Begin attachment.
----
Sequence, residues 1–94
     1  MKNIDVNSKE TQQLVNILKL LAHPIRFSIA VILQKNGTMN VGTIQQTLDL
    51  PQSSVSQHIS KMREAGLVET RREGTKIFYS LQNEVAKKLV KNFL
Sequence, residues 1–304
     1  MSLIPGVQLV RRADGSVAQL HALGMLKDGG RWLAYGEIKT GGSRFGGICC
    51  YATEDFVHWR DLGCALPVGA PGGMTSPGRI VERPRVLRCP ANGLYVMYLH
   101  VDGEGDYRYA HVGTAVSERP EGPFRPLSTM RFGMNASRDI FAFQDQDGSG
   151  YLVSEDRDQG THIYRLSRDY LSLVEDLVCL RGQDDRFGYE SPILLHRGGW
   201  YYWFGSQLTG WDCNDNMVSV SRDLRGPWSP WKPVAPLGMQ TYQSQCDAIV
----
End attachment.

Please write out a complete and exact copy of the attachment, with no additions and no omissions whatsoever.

Sequence, residues 1–94
     1  MKNIDVNSKE TQQLVNILKL LAHPIRFSIA VILQKNGTMN VGTIQQTLDL
    51  PQSSVSQHIS KMREAGLVET RREGTKIFYS LQNEVAKKLV KNFL
Sequence, residues 1–304
     1  MSLIPGVQLV RRADGSVAQL HALGMLKDGG RWLAYGEIKT GGSRFGGICC
    51  YATEDFVHWR DLGCALPVGA PGGMTSPGRI VERPRVLRCP ANGLYVMYLH
   101  VDGEGDYRYA HVGTAVSERP EGPFRPLSTM RFGMNASRDI FAFQDQDGSG
   151  YLVSEDRDQG THIYRLSRDY LSLVEDLVCL RGQDDRFGYE SPILLHRGGW
   201  YYWFGSQLTG WDCNDNMVSV SRDLRGPWSP WKPVAPLGMQ TYQSQCDAIV